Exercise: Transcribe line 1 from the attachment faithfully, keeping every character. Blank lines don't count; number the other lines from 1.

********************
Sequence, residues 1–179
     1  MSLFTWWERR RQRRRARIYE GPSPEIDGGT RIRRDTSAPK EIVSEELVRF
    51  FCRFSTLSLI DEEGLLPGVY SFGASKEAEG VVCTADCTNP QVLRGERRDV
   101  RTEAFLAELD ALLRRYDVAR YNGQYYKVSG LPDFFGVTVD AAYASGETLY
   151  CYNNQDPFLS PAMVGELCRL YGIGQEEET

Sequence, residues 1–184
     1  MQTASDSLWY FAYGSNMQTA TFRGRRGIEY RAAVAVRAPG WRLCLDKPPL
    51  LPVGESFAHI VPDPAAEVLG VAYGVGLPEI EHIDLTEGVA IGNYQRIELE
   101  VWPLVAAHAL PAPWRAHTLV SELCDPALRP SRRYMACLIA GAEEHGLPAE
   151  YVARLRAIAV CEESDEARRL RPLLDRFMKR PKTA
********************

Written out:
Sequence, residues 1–179